Why trading failures are in our nature and how to change it
All traders have been there: they’ve found an excellent setup then entered their trade before the price then goes against them and they buy yet more because they have the belief that the price will go up eventually. And, when that price keeps going down, they keep on buying more until they’re left with huge losses and have to close. Sounds familiar?
So, why do we do it?
Now we’ll be discussing why trading failures are in our very nature – and importantly, how we can stop it!
The human brain isn’t meant to trade
The reason why we do such destructive things is down to a mechanism called ‘cognitive dissonance’. This is our internal shield designed to control how we act and live. Essentially, with cognitive dissonance, we’re experiencing discomfort or conflict due to our own actions.
One good example is that of smokers when reaching for their cigarettes. They’ll know 100% that smoking increases their cancer risks, but they won’t think of this each time they reach for a nicotine fix. This is because when we experience a negative emotion, we start to change our thoughts and behaviours in order to reduce our discomfort. Instead of giving up the cigarettes, they’ll use avoidance tactics.
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How this applies to trading
When we take the smoking example, it’s easy to see how this phenomenon could apply to trading.
To look into this deeper, there are two biases when it comes to cognitive dissonance.
Either people will only notice information that seems to affirm their decision to continue trading (selective perception) or they will rationalise their actions so they stick to their plan (selective decision making). With the latter, it’s a question of ‘everyone does it’ that is used to justify the behavior. And we see this right from kindergarten.
Trading and cognitive dissonance
In trading, there are many ways in which cognitive dissonance shows up – and it can influence every layer of a trader’s decision-making.
- Cognitive dissonance means traders will add to their losers as a sort of protection mechanism. They believe they were right in their trade idea and that the price will turn soon so they should continue to buy while it’s cheap.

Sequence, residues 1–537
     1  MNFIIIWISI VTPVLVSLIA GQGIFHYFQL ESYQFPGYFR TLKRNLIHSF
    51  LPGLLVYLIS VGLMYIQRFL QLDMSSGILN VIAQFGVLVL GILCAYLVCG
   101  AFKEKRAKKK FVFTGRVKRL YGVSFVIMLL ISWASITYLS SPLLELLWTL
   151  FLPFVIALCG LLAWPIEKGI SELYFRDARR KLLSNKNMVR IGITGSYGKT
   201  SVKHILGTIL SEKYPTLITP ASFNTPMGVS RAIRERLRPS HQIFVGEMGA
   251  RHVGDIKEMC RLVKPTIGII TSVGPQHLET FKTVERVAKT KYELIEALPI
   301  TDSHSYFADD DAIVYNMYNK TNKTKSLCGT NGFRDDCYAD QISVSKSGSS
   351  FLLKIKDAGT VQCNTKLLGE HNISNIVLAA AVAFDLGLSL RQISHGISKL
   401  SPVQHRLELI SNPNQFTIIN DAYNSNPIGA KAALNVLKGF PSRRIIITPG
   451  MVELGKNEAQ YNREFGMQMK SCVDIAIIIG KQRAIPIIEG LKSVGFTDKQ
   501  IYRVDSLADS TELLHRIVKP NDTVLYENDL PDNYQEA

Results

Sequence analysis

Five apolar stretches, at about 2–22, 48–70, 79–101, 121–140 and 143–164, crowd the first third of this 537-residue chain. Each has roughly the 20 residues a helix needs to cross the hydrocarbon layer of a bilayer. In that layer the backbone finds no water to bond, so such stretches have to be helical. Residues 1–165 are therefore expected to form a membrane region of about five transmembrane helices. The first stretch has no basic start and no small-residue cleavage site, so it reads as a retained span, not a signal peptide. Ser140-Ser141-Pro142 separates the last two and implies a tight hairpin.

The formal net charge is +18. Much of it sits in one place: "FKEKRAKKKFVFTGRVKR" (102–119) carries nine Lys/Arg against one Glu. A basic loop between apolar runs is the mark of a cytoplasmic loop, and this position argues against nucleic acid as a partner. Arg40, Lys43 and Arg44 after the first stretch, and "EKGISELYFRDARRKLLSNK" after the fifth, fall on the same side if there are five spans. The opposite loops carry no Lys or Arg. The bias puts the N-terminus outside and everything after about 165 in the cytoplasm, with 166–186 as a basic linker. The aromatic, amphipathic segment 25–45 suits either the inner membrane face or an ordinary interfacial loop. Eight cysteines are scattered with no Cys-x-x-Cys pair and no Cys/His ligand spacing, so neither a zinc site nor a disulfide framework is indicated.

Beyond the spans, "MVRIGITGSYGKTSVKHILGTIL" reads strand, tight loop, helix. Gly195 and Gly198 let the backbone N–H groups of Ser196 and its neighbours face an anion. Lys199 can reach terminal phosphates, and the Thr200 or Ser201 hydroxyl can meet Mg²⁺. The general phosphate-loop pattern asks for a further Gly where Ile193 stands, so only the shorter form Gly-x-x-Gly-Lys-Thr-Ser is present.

- When a trader only analyses one side of the market, they’ll be convinced about where prices will be going. Thus, they won’t be able to see how they could be wrong.
- When traders discuss positions and trades openly, they’re much more likely to try justifying their bad trades and defending their losses, making them stick with them longer.
- When money is still being lost further down the line, traders will still convince themselves that it’s a learning experience.
- When traders try to think of excuses for breaking their entry rules and chasing prices.
- When traders don’t look for the wider picture.
Can you reduce cognitive dissonance with trading?
Unfortunately, there isn’t a quick fix that will turn off the nature that is cognitive dissonance. This is something the human race has developed over thousands of years. However, there are things a trader can do to help them with making better decisions.
- Never talk about – or justify – trades to another person. Talking about trades means involving our ego and traders won’t want to show they’ve got a losing trade. When amateur traders talk about their trades, it means they will be more likely to stick with it as they’ll talk themselves into it.
- Have both short-term and long-term trading plans. Also, make sure you look at all sides of the market and not to convince you of something that is not true
- Have a journal. This will help raise your awareness of your behaviors around trades. Tracking what you do and when means you’re less likely to repeat mistakes.
- Understand that you will never know all there is to know about trading and that you will have losses. When traders can’t take losses well, they have little chance of ever doing trading full-time.
- When deciding to take a trade, talk to yourself out loud as though you are explaining what you’re doing to someone else. This might seem silly, but you’ll be able to tell whether or not your plan makes sense.
The human brain is a master of trickery. Understanding cognitive dissonance and being aware of how it can manipulate behavior is the first step in controlling how we trade. This is crucial for maintaining objective assessments of our abilities and performance as a trader. Without this awareness, we really are our own worst enemies!